Pacquiao vs. McGregor: Sure, Why Not?

Let’s let Manny take an easy one, for once, ok?

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Manny Pacquiao / Conor McGregor Creative Commons

Let’s be honest about a couple of facts right up front: Firstly, Manny Pacquiao is 42 years old and unless you’re Bernard Hopkins, you really shouldn’t still be Boxing at an elite level at 42 years of age. Secondly, Pacquiao is an undeniable, all-time talent and sure-fire first-ballot Hall-of-Famer. As such, he’s long since paid his dues to the fickle Boxing public and earned his right to pick the fights he wants (and the paychecks that come with them). Lastly, Manny Pacquiao has never been quite the same since that brutal knockout loss to Juan Manuel Marquez in 2012. Remember that last fact for later.

Enter Conor McGregor. McGregor is one of the most polarizing figures in sports today. Beloved and loathed in equal measure by combat sports fans, reviled and revered in equal parts by casual fans looking for entertainment value, Conor is never boring. Bombastic personalities, and a willingness to do/say anything to promote a fight is a sure-fire recipe for financial success in the Boxing world.

Couple facts about McGregor worth remembering: He’s only ever Boxed professionally once, against Mayweather, and he lost, badly. Secondly, he’s not without talent. Losing to arguably the best technical fighter of all time is nothing to be ashamed of, but before it ended, Conor did show some talent in the ring. Assuming he’s continued to train, it’d be fair to expect him to be better next time out. Lastly, he’s not going to knock anyone out in a Boxing ring. Remember that last fact for later as well.

Last set of facts worth noting: The real fight everyone in Boxing wants at 147lbs is Terrance Crawford vs. Errol Spence. For myriad reasons, that fight isn’t going to happen right now, leaving both of the best fighters at welterweight scrambling for other opponents, and paydays. Pacquaio has recently signaled he will not be fighting Spence, because “Spence is too slow”. Last fact to remember, Spence is not, in fact, too slow… but he does hit like a mule.

All of these facts combine to bring us a story as old as time in Boxing. Aging vet looking for a final payday, politely side-stepping threatening up-and-comer who wants his name on his resume, and taking a fight with massive upside financial appeal, and very little risk. Frankly, Pacquiao has earned this one.

Accusing marquee fighters of ducking opponents or avoiding their biggest challengers is pretty common in Boxing, but you’d be hard-pressed to levy that charge against Pacquiao. At a time when Mexico’s lightweight kings of Barrera, Morales, and Marquez looked invincible, Pacquiao climbed into the ring with them all and walked away the victor. He jumped multiple weight classes over and over to take on opponents who dwarfed him like De La Hoya and Margarito, and crushed them. This is not a man scared of a challenge. However, it might be a man who is now scared of damage.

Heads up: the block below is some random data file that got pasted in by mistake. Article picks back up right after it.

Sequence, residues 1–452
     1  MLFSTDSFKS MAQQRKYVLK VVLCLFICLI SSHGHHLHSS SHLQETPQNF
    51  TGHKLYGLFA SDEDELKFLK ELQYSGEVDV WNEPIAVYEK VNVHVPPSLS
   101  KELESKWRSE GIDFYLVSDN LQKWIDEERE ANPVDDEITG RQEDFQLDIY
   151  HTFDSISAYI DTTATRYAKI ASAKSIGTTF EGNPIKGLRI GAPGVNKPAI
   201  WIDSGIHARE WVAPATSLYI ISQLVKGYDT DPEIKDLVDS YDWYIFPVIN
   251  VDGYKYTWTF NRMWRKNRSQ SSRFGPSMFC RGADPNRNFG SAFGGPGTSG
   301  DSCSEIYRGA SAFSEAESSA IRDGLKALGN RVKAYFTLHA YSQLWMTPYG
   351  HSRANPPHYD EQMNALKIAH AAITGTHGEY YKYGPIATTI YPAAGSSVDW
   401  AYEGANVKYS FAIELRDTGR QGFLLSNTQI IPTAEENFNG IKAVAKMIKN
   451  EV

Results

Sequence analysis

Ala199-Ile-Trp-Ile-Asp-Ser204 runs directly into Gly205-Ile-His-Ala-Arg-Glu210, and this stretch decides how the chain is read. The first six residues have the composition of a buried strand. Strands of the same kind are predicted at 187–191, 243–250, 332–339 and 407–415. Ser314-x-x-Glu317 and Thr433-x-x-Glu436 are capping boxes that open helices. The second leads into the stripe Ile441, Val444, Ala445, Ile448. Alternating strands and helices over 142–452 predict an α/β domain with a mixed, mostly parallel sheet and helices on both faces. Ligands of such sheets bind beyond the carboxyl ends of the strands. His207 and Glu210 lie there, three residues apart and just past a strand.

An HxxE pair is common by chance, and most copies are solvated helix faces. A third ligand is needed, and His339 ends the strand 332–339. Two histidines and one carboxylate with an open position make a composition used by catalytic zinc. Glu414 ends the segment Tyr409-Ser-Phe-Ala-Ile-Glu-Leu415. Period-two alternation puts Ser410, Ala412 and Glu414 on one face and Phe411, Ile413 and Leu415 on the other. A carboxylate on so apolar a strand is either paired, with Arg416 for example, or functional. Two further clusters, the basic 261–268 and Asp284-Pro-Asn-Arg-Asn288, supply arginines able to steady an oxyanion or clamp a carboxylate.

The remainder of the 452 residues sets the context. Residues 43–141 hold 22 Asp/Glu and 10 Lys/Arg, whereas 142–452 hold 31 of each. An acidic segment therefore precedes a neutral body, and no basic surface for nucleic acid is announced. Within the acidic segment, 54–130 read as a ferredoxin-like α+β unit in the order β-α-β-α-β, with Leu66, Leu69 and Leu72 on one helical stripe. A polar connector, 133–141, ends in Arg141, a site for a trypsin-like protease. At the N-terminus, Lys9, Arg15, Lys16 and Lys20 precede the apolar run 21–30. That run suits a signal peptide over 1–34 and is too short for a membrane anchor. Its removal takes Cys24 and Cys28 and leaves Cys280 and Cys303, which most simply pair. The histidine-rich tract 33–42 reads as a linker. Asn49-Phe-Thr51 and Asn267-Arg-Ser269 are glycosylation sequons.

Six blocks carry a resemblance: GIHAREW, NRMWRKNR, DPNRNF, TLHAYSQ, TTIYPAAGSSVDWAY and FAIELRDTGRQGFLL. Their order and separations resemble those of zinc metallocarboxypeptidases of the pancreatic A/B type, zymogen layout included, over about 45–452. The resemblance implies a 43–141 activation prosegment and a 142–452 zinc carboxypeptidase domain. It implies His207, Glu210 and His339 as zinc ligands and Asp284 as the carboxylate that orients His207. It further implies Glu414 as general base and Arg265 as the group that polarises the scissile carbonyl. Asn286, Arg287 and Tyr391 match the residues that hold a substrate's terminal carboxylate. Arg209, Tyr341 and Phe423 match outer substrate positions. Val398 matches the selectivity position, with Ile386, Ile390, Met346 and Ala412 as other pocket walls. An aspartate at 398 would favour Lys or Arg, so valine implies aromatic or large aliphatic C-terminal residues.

The absolutely brutal all-time highlight-reel knockout he suffered at the hands of Marquez in 2012 took a lot of the killer out of Pacquiao. He hasn’t had the same fire or ruthlessness we once saw from him in the years since, and who could blame him? Boxing is an unforgiving sport that leaves it’s heroes brain-damaged and broke more often than not. Expecting him to take on arguably the best and most dangerous fighter in the division at this point in his career feels unfair. Spence is 12 years his junior, with an 80% knockout rate; in short, he’s dangerous, and Pacquiao has had more than his fair share of danger in his career.

The Boxing community always wants its heroes to have one last big win in them or to “go out on their shield” if they don’t. It’s a dangerous and stupid belief that I, as a Boxing fan, would love to see disappear forever. These guys aren’t robots or video game characters, they’re just guys trying to make a living and support their families. They’re not obligated to risk their lives or their minds in the ring for some perceived debt to greatness; most especially not someone like Manny Pacquiao.

Which is why, if Manny can cash up one last time in a fight with Conor McGregor, I say “sure, why not?”. We let Mayweather do it, and with the number of people Pacquiao supports, he probably needs the money more.

Manny Pacquiao doesn’t owe us anything, anymore. He’s left plenty of blood in the ring, plenty of highlights, and amazing fights for us to look back on forever. He’s earned a little easy spectacle and cash grab on his way out the door… I can think of almost nothing more classically Boxing, than that.

I’m a Developer, Activist, Husband & Father. Romani descendant. Find me on Twitter @Ryan_Nehring or email at nehring.ryan@gmail.com. Top writer in Politics.

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